Step 1: Having the Idea
The reason is quite simple: I am bored of empty batteries (Ipod, mobile phone) while I'am on the go. And the solution with the linear regulator like the "7805" is in fact very simple, but very unefficient, because: firstly you need a supply that provides about 3 volts more than you need for usb and secondly in most cases the difference between input voltage and output voltage is lost in heat.
The solution for the problem comes from Linear Technology. The most important compenent of the cicuit presented in the next steps is the "LT1301". This is a small step up converter for to build switching mode power supplys with only a few external components.
Step 2: Parts You Need
->The LT1301 and a ic socket (8DIP)
->2 electrolyte caps WITH! low ESR (6,3V 100uF)
->one inductor with a very LOW! DCR (around 0,03R) with 10uH should be able to handle switching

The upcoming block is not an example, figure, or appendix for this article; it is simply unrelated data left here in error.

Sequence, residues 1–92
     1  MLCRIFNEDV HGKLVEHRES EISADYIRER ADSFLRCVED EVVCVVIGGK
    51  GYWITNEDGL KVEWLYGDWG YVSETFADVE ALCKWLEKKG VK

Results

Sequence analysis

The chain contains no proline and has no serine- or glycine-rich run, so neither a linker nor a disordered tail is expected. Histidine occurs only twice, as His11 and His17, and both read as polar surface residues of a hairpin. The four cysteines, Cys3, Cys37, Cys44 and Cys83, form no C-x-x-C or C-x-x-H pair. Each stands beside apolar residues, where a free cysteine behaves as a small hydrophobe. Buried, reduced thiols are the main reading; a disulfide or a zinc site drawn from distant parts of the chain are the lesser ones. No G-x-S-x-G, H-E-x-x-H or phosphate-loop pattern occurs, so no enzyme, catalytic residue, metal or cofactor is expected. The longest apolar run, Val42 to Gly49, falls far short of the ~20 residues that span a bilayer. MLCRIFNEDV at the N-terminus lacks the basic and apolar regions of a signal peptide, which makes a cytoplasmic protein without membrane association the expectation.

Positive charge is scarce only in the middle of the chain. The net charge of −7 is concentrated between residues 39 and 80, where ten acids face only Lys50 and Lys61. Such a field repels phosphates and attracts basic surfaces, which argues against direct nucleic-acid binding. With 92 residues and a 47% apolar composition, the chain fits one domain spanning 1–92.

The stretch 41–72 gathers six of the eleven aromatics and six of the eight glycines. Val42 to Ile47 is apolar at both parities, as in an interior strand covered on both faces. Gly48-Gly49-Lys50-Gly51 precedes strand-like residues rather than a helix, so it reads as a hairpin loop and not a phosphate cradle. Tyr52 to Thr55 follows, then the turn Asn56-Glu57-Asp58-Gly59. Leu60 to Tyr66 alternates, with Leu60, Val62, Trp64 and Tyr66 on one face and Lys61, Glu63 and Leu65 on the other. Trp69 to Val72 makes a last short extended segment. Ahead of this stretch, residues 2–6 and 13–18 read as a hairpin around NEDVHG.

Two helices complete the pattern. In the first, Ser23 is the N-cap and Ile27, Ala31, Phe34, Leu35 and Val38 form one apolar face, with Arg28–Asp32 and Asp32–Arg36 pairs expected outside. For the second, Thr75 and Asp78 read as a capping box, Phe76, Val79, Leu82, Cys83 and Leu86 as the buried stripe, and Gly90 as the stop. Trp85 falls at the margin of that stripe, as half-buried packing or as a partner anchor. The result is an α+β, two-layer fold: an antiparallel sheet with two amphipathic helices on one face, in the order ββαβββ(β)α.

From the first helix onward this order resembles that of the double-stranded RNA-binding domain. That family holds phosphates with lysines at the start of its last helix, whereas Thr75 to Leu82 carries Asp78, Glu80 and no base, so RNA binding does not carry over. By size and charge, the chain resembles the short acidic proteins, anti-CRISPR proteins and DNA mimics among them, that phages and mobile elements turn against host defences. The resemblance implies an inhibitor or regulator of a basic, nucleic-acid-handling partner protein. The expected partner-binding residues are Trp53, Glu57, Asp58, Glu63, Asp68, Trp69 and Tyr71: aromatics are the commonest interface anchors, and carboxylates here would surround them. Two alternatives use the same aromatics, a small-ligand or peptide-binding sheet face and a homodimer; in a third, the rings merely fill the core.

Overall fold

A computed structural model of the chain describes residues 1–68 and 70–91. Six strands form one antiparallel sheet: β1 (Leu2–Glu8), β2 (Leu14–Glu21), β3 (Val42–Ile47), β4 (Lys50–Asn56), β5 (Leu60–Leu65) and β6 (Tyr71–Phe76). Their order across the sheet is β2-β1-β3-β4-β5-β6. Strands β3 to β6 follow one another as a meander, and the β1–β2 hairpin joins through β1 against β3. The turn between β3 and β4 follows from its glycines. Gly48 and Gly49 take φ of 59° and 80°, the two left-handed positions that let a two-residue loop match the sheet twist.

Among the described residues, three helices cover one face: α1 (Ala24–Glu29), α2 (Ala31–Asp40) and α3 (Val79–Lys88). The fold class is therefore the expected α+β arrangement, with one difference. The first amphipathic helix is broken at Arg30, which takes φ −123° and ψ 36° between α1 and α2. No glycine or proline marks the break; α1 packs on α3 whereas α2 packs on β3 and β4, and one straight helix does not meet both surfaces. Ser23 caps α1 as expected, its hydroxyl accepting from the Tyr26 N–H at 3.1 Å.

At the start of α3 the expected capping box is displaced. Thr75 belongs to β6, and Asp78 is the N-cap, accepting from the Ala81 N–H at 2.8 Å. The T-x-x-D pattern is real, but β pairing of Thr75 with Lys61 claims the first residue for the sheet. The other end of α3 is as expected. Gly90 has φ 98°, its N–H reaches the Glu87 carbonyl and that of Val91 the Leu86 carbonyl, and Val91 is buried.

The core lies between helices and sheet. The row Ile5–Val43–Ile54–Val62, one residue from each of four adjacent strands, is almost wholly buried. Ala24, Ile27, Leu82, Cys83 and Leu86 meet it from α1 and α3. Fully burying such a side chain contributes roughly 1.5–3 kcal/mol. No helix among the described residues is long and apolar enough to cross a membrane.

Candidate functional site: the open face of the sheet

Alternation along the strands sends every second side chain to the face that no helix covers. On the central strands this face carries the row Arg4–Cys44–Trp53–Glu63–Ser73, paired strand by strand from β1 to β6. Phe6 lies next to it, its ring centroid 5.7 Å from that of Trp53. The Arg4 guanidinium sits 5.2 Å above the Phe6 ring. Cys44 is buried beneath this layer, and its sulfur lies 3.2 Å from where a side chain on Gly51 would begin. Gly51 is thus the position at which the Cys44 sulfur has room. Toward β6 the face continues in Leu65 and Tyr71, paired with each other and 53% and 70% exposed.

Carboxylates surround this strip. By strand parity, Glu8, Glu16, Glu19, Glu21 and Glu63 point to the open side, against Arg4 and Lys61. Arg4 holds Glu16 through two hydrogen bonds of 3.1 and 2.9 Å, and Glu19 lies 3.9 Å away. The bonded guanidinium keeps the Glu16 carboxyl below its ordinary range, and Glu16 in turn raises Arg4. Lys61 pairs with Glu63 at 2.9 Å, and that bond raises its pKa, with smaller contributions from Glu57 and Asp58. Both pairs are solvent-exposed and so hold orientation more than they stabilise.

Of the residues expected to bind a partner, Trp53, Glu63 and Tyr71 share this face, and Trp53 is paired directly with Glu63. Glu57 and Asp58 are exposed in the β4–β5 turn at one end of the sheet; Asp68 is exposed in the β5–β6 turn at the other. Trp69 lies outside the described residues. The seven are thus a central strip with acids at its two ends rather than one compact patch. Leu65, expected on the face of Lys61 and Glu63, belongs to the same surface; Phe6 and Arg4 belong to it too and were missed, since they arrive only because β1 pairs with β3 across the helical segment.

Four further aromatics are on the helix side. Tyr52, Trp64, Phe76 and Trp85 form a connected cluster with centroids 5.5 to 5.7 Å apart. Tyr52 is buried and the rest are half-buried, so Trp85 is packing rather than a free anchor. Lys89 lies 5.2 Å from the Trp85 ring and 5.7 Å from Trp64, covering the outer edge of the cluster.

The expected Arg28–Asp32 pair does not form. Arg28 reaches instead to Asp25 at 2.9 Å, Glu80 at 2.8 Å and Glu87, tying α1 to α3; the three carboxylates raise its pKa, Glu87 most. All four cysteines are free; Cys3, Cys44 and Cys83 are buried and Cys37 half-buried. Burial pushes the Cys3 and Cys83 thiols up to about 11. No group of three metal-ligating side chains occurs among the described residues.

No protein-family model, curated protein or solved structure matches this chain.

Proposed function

currents at about 1,5 Amperes.
->one schottky rectifier like "SB130" or "1N5817" (important if you can't get one of the two proposed
rectifiers:low forward voltage drop, fast switching capability and it should be able to handle
currents of 1 Ampere.)
-> A switch(on/off), an usb connector, a circuit board, a LED with resitor (limit led current to 2mA!, don't loose your mA by pumping them throu the LED) and don't forget the battery holder
Step 3: The Circuit in Detail
The input capacitator should be as close as possible to pin 6 (Vin) of the LT1301!
Keep all cicuit traces short!
Directly tie Pin1(GND) Pin8 (PGND) and Pin3 (Shutdown) togheter and connect it to ground.
Avoid long soldering times for to prevent destruction of components by overheating...
For the detailed placement of the components on the circuit board you can use your own creativity...
Step 4: Finished!
on the left side of the picture you see an older version on the right you see the newer smaller, enhanced version
Some Technical data:
Input: 1,5 to 3 volts
Output: 5 Volts @ 200mA max. (really enough to charge an iPod mini or a mobile phone, trust me ;-) )
Watts and efficiency:
In: 0,95W at 2,5 V
Out: 0,875W at 5 V
8 percent loss